- Graham Spanier says he would never have ignored accusations of child sex abuse
- He says he "personally experienced massive and persistent abuse as a child"
- He calls findings of an internal review egregiously "incomplete and inaccurate reporting"
- Spanier says he doesn't remember getting e-mails about abuse accusations in 1998
Former Penn State President Graham Spanier said he never would have ignored accusations of child sex abuse on campus because, among other things, he "personally experienced massive and persistent abuse as a child," according to a letter he sent to the school's board of trustees.
"It is unfathomable and illogical to think that a respected family sociologist and family therapist, someone who personally experienced massive and persistent abuse as a child, someone who devoted a significant portion of his career to the welfare of children and youth ... would have knowingly turned a blind eye to any report of child abuse or predatory sexual acts directed at children," Spanier said in the letter, which was dated Monday and obtained by CNN on Tuesday.
He then blasted the findings of an internal review that found top university officials, including Spanier, had failed to report abuse and created an environment that helped to empower former assistant football coach Jerry Sandusky, calling the report "egregious in its incomplete and inaccurate reporting."
Spanier, who has not been charged, added that he does not remember receiving e-mails about abuse accusations in 1998, and was not made to understand that a 2001 shower incident witnessed by a graduate assistant had been sexual in nature.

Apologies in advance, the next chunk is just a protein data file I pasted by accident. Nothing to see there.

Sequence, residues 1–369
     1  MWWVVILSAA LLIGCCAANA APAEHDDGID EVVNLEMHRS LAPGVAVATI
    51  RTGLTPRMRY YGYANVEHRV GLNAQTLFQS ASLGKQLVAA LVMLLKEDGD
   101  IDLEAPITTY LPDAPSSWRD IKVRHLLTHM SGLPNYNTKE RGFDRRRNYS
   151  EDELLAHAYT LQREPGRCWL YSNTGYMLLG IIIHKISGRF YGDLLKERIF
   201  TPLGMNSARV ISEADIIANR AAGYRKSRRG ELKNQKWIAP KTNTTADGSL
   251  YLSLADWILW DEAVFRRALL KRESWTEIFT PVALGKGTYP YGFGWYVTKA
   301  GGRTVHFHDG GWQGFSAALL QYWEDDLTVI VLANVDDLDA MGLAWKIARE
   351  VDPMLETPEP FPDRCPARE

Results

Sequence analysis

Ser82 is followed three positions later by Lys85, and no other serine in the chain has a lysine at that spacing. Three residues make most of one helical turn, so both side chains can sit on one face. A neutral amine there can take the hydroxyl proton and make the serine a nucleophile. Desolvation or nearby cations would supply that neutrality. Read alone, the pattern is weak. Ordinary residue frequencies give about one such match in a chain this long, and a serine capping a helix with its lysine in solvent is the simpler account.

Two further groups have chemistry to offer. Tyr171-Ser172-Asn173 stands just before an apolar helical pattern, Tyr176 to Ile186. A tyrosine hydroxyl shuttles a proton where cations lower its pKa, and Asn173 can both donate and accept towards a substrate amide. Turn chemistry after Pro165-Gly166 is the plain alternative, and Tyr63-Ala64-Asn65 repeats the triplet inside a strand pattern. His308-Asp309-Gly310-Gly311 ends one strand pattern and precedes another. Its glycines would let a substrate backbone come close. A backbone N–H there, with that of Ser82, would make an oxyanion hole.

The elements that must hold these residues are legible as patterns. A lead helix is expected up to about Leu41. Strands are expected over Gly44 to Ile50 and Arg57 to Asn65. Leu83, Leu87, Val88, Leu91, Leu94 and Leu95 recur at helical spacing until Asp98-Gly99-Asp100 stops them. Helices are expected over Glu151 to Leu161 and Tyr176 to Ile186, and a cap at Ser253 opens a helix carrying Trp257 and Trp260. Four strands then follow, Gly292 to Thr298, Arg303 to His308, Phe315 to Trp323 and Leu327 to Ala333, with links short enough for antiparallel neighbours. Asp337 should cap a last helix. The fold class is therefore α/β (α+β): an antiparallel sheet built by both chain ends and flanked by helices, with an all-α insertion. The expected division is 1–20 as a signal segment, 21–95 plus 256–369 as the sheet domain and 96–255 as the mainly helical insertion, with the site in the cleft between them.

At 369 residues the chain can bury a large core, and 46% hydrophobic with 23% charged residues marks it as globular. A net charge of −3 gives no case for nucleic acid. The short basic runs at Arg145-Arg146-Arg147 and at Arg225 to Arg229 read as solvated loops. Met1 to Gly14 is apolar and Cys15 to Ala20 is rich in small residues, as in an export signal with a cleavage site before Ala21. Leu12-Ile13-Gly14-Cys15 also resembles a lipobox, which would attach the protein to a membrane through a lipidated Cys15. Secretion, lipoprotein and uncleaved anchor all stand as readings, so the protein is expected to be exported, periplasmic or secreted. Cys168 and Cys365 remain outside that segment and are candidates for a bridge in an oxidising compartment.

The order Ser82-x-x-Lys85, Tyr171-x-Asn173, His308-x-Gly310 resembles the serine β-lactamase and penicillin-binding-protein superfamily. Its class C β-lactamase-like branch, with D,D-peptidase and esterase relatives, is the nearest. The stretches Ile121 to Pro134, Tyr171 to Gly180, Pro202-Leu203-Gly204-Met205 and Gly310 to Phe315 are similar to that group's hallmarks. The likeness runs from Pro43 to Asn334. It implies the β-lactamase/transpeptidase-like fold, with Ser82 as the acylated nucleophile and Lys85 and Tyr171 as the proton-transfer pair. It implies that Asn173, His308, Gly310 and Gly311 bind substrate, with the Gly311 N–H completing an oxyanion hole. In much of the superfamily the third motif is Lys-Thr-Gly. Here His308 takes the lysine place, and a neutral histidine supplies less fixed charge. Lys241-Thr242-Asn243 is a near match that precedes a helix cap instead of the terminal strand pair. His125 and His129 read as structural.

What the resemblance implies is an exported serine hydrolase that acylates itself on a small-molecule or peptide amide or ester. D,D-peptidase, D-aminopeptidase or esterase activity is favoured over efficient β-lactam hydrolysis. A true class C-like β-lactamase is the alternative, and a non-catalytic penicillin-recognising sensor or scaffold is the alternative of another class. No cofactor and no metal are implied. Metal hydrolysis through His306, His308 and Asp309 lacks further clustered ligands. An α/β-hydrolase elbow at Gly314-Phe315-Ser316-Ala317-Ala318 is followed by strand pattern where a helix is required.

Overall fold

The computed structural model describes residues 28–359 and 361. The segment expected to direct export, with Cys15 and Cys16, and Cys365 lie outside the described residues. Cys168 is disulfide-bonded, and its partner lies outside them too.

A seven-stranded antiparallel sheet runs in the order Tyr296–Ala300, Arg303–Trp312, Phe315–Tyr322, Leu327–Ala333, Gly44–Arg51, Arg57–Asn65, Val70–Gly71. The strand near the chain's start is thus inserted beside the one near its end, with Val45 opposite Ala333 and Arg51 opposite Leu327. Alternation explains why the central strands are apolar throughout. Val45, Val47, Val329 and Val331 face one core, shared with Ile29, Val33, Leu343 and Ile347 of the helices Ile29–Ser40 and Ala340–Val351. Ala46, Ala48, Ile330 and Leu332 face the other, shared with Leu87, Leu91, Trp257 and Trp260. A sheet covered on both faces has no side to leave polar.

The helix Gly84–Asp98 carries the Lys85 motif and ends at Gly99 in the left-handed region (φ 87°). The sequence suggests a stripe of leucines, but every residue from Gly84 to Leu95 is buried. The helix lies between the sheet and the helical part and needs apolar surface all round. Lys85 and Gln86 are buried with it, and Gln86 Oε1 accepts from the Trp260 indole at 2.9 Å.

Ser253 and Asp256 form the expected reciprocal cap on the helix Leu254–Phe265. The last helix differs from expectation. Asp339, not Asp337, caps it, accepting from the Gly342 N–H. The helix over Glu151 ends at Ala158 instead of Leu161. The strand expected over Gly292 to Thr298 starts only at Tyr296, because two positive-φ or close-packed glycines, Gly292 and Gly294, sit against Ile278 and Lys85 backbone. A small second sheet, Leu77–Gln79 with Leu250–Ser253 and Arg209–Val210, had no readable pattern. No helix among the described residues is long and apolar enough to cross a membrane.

He also disputed accusations made in the report that he and other university officials kept the board of trustees in the dark about the abuse accusations.
"I want to be clear that the Chair of the Board of Trustees was kept informed by me throughout 2011 to the fullest extent I was able, beginning on the Sunday after my Grand Jury appearance and in other discussions with trustee leaders."
In his 267-page report, Louis Freeh, the former FBI director who led the review, blamed Spanier, former head coach Joe Paterno, and ex-administrators Gary Schultz and Tim Curley for having "never demonstrated ... any concern for the safety and well-being of Sandusky's victims until after Sandusky's arrest," while the board of trustees failed to perform their oversight duties.
Curley and Schultz are awaiting trial on charges of perjury and failing to report child sex abuse.
Sandusky was convicted in June of sexually abusing young boys over a 15-year period.